As the name suggests, Shimano’s R7000 pedals are a 105-level product that strikes a good balance of weight to price, featuring reliability and solid performance, as well as ease of use and excellent power transfer.
At this level, Shimano’s SPD-SL pedals all share the same fundamental pedal body design, shape and styling – so you’re getting a lot of key benefits from the more expensive Dura-Ace and Ultegra models.
One of the trickle-down technologies is a wide body with replaceable stainless steel metal inserts, which offer a very secure and solid base for excellent pedalling and power transfer.
The pedals feature a carbon composite body with replaceable stainless steel inserts and sealed cartridge bearings. They spin smoothly out of the box and continued to do so after many hours.
Shimano’s pedals use a three-bolt cleat, which is offered in three float versions. The supplied yellow cleats I have here offer the widest range of float, so are ideal for a range of cyclists from beginners to more experienced riders.
Setting up the R7000s is simple. The supplied yellow cleats offer 6 degrees of lateral float: 3 degrees in each direction, which makes lining up the cleats on the shoes easy.
Using a small Allen key, the release tension can be easily adjusted within a wide range from very loose to incredibly tight, depending on your experience level and requirements – back them right off if you’re just starting out learning to use clipless pedals (to avoid any wobbly, panic moments while unclipping) or increase tension as you build confidence.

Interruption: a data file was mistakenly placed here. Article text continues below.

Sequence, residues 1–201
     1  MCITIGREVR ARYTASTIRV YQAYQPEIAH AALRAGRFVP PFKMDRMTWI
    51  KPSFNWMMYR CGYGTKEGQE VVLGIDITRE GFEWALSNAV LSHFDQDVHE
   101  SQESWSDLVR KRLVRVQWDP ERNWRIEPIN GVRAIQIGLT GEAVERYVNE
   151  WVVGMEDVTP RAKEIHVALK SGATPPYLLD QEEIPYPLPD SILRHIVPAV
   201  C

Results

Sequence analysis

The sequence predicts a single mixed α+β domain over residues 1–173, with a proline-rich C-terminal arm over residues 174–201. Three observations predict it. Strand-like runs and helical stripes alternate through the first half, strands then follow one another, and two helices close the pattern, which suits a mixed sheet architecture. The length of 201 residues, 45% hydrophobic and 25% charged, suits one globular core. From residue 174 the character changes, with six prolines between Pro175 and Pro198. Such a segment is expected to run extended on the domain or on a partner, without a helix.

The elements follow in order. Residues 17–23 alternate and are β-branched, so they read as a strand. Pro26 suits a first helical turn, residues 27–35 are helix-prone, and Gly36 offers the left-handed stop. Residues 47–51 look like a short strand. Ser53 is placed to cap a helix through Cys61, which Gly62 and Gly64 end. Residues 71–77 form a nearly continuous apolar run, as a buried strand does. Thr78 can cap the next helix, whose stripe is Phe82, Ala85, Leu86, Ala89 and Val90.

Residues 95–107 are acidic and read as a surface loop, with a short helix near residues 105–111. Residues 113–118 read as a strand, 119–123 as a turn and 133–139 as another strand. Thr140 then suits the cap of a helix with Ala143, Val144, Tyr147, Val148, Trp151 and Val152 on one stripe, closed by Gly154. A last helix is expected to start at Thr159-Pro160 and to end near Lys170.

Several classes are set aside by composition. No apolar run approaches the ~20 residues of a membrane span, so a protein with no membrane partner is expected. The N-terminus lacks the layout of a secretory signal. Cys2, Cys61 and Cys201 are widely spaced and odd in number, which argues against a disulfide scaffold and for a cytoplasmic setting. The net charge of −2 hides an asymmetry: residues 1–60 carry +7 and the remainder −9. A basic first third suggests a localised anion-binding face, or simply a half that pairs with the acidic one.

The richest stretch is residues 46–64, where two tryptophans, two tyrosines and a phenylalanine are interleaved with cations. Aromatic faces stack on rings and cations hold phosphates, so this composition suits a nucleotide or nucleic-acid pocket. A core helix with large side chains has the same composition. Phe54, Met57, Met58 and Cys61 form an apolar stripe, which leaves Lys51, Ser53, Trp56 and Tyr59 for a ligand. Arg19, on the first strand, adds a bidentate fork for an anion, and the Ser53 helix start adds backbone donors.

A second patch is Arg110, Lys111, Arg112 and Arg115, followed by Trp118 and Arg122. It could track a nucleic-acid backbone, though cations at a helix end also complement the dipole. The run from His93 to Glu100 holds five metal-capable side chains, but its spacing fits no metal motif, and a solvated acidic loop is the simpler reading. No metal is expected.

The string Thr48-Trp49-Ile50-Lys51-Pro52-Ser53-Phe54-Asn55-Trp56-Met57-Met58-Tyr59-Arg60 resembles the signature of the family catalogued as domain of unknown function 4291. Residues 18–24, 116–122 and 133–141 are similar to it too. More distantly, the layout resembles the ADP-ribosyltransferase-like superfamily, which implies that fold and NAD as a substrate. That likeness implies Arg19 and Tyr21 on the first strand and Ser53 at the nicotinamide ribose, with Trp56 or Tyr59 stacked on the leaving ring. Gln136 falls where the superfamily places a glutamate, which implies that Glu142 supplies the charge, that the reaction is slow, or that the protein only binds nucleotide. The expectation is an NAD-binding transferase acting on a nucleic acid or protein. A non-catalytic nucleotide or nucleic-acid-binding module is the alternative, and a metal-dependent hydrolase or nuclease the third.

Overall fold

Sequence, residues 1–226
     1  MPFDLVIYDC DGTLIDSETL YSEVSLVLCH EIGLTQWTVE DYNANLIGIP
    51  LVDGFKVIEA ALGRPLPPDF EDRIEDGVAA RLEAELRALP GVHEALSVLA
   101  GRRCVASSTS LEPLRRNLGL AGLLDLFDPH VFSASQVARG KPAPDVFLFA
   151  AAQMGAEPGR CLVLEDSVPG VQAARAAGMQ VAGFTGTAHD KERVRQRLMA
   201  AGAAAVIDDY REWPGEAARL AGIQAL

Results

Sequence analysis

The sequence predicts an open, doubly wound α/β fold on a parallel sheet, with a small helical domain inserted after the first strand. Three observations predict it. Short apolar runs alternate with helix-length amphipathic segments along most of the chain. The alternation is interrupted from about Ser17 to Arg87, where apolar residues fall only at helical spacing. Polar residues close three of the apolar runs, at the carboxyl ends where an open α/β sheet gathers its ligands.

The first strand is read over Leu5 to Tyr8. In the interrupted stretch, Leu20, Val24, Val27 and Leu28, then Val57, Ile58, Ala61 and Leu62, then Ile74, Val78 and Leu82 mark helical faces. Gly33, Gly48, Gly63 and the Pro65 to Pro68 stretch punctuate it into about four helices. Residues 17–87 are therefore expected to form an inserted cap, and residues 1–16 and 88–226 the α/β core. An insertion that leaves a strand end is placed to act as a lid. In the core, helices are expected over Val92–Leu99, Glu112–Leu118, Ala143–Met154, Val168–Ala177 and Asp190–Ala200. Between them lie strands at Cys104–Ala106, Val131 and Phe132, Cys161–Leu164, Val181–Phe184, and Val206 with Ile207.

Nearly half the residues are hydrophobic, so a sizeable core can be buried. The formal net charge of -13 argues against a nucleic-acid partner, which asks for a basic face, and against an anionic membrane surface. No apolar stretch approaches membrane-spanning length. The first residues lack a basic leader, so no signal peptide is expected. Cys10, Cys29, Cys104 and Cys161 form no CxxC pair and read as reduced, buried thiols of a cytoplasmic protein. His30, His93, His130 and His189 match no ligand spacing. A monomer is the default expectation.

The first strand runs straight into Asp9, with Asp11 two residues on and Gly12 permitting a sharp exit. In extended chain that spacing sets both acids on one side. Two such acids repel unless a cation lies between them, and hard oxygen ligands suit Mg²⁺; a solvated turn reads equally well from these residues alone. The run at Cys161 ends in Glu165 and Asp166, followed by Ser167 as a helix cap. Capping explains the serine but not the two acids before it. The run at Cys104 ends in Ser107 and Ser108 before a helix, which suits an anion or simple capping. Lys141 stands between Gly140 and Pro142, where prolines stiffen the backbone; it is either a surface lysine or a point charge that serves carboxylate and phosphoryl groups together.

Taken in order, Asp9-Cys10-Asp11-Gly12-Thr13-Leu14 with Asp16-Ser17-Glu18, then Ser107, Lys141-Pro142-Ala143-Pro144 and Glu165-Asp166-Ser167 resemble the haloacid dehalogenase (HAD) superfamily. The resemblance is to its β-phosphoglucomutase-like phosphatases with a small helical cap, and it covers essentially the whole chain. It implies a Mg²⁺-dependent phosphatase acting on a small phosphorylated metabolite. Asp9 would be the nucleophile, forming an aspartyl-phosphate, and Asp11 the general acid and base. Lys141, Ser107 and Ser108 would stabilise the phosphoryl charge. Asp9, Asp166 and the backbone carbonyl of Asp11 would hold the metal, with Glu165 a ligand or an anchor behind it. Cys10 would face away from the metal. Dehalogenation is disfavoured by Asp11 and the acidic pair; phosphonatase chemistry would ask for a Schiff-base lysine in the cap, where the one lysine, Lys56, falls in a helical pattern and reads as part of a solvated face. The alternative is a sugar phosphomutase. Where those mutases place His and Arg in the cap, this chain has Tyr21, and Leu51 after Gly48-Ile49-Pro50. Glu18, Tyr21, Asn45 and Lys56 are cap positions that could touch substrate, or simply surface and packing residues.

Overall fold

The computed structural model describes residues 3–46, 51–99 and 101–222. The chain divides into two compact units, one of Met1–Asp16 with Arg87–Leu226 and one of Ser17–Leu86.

Clipping in and out is intuitive and very positive. The pedals naturally hang at the optimum angle so there’s no need to orientate them first and it’s a cinch to engage the cleat into the pedal.
The float feels smooth and natural while the wide pedal body and stainless steel inserts give a very secure and solid pedalling platform, with your foot finding a comfortable position between the limits of the float.
The large plastic cleat easily locates into the front of the pedal body and the engagement tension provides a very positive and audible click.
Twisting your foot to disengage the cleat from the pedal is an equally positive experience, and quickly becomes a very natural movement, flicking your heel out.
The large plastic cleats are easy to walk in, with the yellow cover protecting the main part of the cleat that engages with the pedal. Life expectancy is reasonably good as a result, but once the yellow parts become tatty it’s a good time to replace them.
I have no hesitation in recommending the R7000s, but if weight isn’t that high on your list of priorities then the cheaper Tiagra R550 pedals, which are nearly identical in use but heavier on the scales, might be worth a look.
Shimano’s 105 R7000 pedals are intuitive and versatile with good power transfer, they tick all the boxes.
How we tested
You know you’re a serious cyclist when you buy your first set of clipless pedals, right? But with so many to choose from, it can be hard to know which brand is right for you and what you need to look out for.
So we picked ten of the best out there to help narrow down your search and you’ll find plenty more in our buyer’s guide to the best road bike pedals.
- TC Keo Style pedals
- HT Components Carbon PK01 pedals
- Look Keo Classic 3 Plus pedals
- Look Keo 2 Max Carbon pedals
- Shimano Tiagra R550 pedals
- Shimano Ultegra R8000 pedals
- Speedplay Zero Chromoly pedals
- Time Xpresso 2
- Time XPro 10 pedals